It was desired by the Constitution’s framers that the nation’s capital obtain territory of its own so as not to fall under the jurisdiction of any other locality. In particular, there was a concern that the host state could exercise undue sway over the federal government’s operations.

The push for statehood today has taken on an additional impetus amid the mass protests against police violence following the killing of George Floyd, an African American man in Minneapolis, in May. Supporters of making the District a state have promoted claims that this would enfranchise the city’s large African American population, which today stands at roughly 45 percent of D.C.’s total, thus making the move a victory for civil rights.

House Speaker Nancy Pelosi and other congressional Democrats made extravagant displays in support of the bill, wearing face masks which bore the trademark “51” of the D.C. statehood campaign.

“Congress has two choices. It can continue to exercise undemocratic, autocratic authority over the 705,000 American citizens who reside in our nation’s capital, treating them, in the words of Frederick Douglass as ‘aliens, not citizens, but subjects.’ Or Congress can live up to this nation’s promise and ideals and pass H.R. 51,” stated the District’s lone delegate to Congress, Eleanor Holmes Norton, a Democrat, last week.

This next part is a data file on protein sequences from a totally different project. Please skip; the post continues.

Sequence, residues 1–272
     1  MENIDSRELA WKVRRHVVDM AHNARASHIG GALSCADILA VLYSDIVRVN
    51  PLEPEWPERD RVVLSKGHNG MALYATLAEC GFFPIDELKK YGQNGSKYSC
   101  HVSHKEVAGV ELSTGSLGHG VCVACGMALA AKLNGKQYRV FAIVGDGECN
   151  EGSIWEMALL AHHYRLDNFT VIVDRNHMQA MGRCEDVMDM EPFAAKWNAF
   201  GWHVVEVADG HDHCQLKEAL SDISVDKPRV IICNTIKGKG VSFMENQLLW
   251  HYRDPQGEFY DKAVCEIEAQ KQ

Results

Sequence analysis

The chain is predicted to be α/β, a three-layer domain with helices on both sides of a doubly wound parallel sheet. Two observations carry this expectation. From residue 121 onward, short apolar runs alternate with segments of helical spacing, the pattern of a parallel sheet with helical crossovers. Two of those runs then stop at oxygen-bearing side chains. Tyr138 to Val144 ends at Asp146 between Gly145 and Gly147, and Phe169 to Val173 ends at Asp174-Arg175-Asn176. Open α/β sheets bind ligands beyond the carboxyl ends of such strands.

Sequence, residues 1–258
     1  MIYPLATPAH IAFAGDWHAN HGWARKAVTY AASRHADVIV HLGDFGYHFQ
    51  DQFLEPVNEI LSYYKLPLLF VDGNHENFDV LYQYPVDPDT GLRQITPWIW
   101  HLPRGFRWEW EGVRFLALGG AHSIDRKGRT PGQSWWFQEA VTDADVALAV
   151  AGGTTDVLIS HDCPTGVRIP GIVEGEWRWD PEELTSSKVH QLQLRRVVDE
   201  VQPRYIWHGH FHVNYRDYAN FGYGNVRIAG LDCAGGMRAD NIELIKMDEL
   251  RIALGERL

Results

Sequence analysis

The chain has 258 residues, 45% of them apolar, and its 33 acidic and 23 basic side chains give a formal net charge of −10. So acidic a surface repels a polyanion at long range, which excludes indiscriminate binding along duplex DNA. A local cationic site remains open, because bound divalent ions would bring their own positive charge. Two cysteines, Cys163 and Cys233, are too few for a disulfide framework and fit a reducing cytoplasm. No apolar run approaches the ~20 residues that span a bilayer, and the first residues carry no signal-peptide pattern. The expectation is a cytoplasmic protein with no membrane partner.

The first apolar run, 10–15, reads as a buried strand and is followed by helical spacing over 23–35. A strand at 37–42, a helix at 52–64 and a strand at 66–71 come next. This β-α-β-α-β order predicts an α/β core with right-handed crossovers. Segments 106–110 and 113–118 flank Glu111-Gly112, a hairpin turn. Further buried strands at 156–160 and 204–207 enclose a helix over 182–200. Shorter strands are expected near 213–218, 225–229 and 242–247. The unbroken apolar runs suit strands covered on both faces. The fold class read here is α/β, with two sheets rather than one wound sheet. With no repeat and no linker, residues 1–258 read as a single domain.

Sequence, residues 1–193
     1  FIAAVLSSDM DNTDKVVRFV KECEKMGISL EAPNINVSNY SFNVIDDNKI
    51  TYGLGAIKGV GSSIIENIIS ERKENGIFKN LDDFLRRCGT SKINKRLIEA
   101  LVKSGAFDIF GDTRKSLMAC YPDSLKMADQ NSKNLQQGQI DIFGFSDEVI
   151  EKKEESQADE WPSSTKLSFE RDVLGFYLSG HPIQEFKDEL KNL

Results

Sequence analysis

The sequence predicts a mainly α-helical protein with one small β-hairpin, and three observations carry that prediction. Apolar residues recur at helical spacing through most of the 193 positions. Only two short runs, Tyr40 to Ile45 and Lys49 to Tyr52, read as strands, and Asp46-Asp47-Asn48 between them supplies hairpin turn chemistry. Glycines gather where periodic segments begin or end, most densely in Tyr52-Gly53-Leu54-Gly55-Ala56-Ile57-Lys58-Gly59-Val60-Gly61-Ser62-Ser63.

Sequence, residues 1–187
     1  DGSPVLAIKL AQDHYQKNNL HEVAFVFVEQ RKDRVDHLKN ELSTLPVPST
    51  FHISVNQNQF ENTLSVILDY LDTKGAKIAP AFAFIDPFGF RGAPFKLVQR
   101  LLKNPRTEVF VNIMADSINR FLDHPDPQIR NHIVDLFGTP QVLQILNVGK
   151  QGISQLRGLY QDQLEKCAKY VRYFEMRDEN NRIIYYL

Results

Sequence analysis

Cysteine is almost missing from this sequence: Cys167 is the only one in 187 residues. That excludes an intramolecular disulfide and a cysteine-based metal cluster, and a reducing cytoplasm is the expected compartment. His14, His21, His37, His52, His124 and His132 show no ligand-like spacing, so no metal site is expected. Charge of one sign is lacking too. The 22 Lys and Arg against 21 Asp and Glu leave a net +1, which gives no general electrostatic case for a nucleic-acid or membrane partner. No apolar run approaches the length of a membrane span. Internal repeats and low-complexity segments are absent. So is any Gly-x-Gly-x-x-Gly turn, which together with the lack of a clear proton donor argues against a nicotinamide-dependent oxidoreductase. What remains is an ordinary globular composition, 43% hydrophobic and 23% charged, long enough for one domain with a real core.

Referring to President Trump’s deployment of federal troops on the streets of D.C. last month in response to largely peaceful protests, Norton said, “The federal occupation of D.C. occurred solely because the president thought he could get away with it here.”